author = "Edward Sweeney",
year = "2005",
month = "12",
doi = "10.1080/13675560500491246",
language = "English",
volume = "8",
pages = "267--268",
journal = "International Journal of Logistics",
issn = "1367-5567",
publisher = "Taylor & Francis",
number = "4",

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N2 - It is a great pleasure to be Guest Editor for this issue – I hope that the papers which are included will be stimulating and support you in your ongoing research activities. A number of guiding principles were adopted in selecting the papers for inclusion in this issue. Firstly, the papers cover a wide range of logistics and supply chain management (SCM) topics. This is a reflection of the evolution of the field in recent years. In terms of the “buy-make-store-move-sell” model of SCM all the main constituent areas are addressed. Secondly, it is important that the conference issue of this Journal reflects the emphasis and content of the conference itself. I have tried to achieve this in terms of the papers included. One interesting point to note is that outsourcing is a theme which is a major issue in a number of papers. This reflects the increasing importance of this issue to organisations of all kinds and sizes. Economic globalisation and the trend towards vertical disintegration of supply chain architectures have sharpened the focus on outsourcing as a key element of supply chain strategy. The need to move beyond the notion that sourcing of certain activities can be some kind of panacea in evident from the relevant contributions. Thirdly, the LRN Annual Conference has become a more international event in recent years...the number of delegates and papers presented from outside the UK has continued to grow. The papers collected in this issue reflect this internationalization. Two papers are worthy of particular comment from an LRN perspective. The contribution by Jaafar and Rafiq has been developed from the submission which won the best paper prize at the LRN 2004 event. The paper by Pettit and Beresford is based on research which was supported by LRN seed corn funding. It was developed form the final report on this work submitted to CITL (UK) via the LRN. The seed corn funding is an important mechanism whereby the LRN supports research in innovative aspects of logistics in UK universities. In many ways, the LRN2004 event in Dublin seems like a long time ago. From my point of view it was one of the most professionally rewarding activities in which I have been involved in my career. It was a time to meet old friends and new and to keep abreast of the multitude of interesting projects being undertaken in over 20 countries. There are too many people to thank for the smooth running of the event. However, my colleague John Mee does warrant a special mention. His logistical skills were seriously put to the test in the weeks and months leading up to September 9th. 2004. I want to acknowledge his particular contribution to the success of the event. Since then we have had the 2005 event at the University of Plymouth. This was again a great opportunity to network with colleagues and many congratulations are due to John Dinwoodie and his team. We now look forward to LRN 2006 in Newcastle...form my part I hope and trust that this issue provides some useful perspectives and insights into the range of topics addressed.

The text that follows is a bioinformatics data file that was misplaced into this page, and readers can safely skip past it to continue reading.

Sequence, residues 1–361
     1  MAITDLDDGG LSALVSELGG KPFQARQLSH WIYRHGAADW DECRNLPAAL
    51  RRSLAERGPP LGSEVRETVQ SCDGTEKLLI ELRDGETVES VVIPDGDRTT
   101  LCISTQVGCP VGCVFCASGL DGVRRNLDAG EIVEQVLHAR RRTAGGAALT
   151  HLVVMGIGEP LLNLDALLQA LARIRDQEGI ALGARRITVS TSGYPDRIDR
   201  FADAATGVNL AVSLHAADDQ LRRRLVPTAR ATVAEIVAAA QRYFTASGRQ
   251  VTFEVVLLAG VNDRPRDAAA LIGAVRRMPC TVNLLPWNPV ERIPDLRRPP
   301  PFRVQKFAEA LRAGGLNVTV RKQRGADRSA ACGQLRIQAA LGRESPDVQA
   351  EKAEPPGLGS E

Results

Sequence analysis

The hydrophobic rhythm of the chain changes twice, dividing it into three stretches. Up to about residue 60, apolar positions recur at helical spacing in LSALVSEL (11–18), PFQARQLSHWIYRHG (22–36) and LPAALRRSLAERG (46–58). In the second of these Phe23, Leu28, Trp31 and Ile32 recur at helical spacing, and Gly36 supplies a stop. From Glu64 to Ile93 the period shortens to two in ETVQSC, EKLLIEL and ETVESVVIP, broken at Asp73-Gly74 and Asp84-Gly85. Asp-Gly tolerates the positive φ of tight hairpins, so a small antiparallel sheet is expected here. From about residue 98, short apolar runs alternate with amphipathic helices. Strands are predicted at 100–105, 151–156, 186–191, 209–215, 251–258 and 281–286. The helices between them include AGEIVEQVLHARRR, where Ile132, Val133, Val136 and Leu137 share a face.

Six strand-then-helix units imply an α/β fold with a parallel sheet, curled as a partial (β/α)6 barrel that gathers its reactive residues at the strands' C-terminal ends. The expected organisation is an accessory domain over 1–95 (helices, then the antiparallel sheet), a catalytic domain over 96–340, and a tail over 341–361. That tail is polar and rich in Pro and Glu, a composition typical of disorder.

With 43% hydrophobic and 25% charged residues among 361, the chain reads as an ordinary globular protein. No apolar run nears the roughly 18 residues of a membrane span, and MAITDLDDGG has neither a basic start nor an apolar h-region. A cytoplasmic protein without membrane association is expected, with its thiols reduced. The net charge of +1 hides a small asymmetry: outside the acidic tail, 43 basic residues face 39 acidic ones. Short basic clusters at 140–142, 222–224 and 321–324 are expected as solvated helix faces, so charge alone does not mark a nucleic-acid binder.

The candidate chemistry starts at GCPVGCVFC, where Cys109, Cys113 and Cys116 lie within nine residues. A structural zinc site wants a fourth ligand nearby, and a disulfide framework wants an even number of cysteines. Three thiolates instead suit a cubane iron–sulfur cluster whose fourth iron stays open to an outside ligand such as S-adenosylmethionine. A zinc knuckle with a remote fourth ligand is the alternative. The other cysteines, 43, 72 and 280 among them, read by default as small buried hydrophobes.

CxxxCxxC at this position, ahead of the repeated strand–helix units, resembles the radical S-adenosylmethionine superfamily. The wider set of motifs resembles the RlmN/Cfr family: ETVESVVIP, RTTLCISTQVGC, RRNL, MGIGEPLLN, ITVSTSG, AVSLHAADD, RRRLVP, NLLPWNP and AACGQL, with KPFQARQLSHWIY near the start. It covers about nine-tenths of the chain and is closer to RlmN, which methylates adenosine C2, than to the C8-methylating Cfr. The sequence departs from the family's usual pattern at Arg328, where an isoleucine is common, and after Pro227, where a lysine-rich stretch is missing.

AB - It is a great pleasure to be Guest Editor for this issue – I hope that the papers which are included will be stimulating and support you in your ongoing research activities. A number of guiding principles were adopted in selecting the papers for inclusion in this issue. Firstly, the papers cover a wide range of logistics and supply chain management (SCM) topics. This is a reflection of the evolution of the field in recent years. In terms of the “buy-make-store-move-sell” model of SCM all the main constituent areas are addressed. Secondly, it is important that the conference issue of this Journal reflects the emphasis and content of the conference itself. I have tried to achieve this in terms of the papers included. One interesting point to note is that outsourcing is a theme which is a major issue in a number of papers. This reflects the increasing importance of this issue to organisations of all kinds and sizes. Economic globalisation and the trend towards vertical disintegration of supply chain architectures have sharpened the focus on outsourcing as a key element of supply chain strategy. The need to move beyond the notion that sourcing of certain activities can be some kind of panacea in evident from the relevant contributions. Thirdly, the LRN Annual Conference has become a more international event in recent years...the number of delegates and papers presented from outside the UK has continued to grow. The papers collected in this issue reflect this internationalization. Two papers are worthy of particular comment from an LRN perspective. The contribution by Jaafar and Rafiq has been developed from the submission which won the best paper prize at the LRN 2004 event. The paper by Pettit and Beresford is based on research which was supported by LRN seed corn funding. It was developed form the final report on this work submitted to CITL (UK) via the LRN. The seed corn funding is an important mechanism whereby the LRN supports research in innovative aspects of logistics in UK universities. In many ways, the LRN2004 event in Dublin seems like a long time ago. From my point of view it was one of the most professionally rewarding activities in which I have been involved in my career. It was a time to meet old friends and new and to keep abreast of the multitude of interesting projects being undertaken in over 20 countries. There are too many people to thank for the smooth running of the event. However, my colleague John Mee does warrant a special mention. His logistical skills were seriously put to the test in the weeks and months leading up to September 9th. 2004. I want to acknowledge his particular contribution to the success of the event. Since then we have had the 2005 event at the University of Plymouth. This was again a great opportunity to network with colleagues and many congratulations are due to John Dinwoodie and his team. We now look forward to LRN 2006 in Newcastle...form my part I hope and trust that this issue provides some useful perspectives and insights into the range of topics addressed.